How is this happening?  The folks at the Fuller Youth Institute suggest that one of the problems is that most churches today are giving their kids what they call “Red Bull experiences of the gospel.”  Red Bull, as you know, is a drink that contains significant amounts of sugar, caffeine and other substances that will, its ads say, “give you wings”.  That is, people who drink Red Bull find that they have a temporary burst of energy and effectiveness for study, driving, or whatever.  Of course, that’s often followed by a let-down. SONY DSC

A “Red Bull experience of the gospel” means that the church gives our kids an experience of faith that might be potent enough to help them make decisions at a high school party, but is not deep enough to foster long-term faith.[2]

This research hits me hard on a personal level.  Because for the last forty-one years of my life, I’ve gone down to church on Sunday evening for youth group meetings.  Thirty-five of these years, I’ve been a leader.  For a long, long time, I sought to connect with kids by making a splash, and by making Youth Group entertaining, relevant, and cool.  And, I’m ashamed to say, I could get away with that thirty years ago.  And I did.

But now, whenever I see entertaining, relevant, and cool, well, it’s in the rear-view mirror.  Any relationship I had with those qualities is in the past.

And yet…and yet…I love children and young people now more and better than I did in the 1980’s.

Beloved, here’s the thing that you need to know this morning:  studies have shown that teens who have had five or more adults from the church invest in them during the ages of 15 – 18 are far less likely to leave the church after High School.[3]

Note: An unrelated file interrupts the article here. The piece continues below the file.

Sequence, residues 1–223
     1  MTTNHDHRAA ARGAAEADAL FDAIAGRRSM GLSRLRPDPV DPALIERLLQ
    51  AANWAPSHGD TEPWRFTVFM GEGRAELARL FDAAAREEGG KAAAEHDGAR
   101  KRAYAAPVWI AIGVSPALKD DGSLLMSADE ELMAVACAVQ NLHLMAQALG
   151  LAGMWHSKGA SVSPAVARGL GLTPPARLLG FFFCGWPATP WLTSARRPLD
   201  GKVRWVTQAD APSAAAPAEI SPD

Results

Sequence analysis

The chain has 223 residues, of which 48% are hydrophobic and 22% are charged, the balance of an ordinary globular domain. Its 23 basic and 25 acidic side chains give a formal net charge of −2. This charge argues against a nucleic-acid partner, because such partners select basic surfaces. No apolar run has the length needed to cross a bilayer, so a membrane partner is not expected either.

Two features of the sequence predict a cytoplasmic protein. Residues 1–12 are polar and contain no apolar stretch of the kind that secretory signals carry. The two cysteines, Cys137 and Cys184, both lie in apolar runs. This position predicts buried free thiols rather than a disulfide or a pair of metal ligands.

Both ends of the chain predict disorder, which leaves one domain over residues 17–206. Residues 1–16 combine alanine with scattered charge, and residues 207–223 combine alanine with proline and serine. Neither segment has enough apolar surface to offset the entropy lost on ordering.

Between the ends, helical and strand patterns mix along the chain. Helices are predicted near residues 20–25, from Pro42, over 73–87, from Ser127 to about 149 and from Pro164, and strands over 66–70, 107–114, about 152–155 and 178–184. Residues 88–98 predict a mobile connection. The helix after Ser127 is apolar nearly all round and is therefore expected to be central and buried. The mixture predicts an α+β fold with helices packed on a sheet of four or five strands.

YouthRallyBack in the day, I tried to be it for the kids that I knew.  I played amazing games and was familiar with pop culture and tried so hard to make sure that every kid knew that I was there…  And many of those young people are not interested in faith any more… in part, I’m afraid, because I tried to do everything myself.

We need a culture wherein each of the young people whom we are called to love (which, I might remind you, includes all young people) are reminded of who they are according to the glorious truth of 1 Peter – that they, and we, like the first Israelites, are called into a place of blessing so that we can follow God in Christ so that the world might know God’s deep and rich love and blessing.

Each of the young people we are called to love needs to be coached on making decisions and experiencing consequences and living into truth.

What does that mean for us? Well, we have 27 children signed up in our Preschool program.  There are an additional 27 students enrolled in the after school program with 5 on our waiting list.  In the first two weeks, we’ve had 22 teenagers show up at our Sunday night youth program.  If you’re doing the math that adds up to 81 children…not counting all the babies you see here.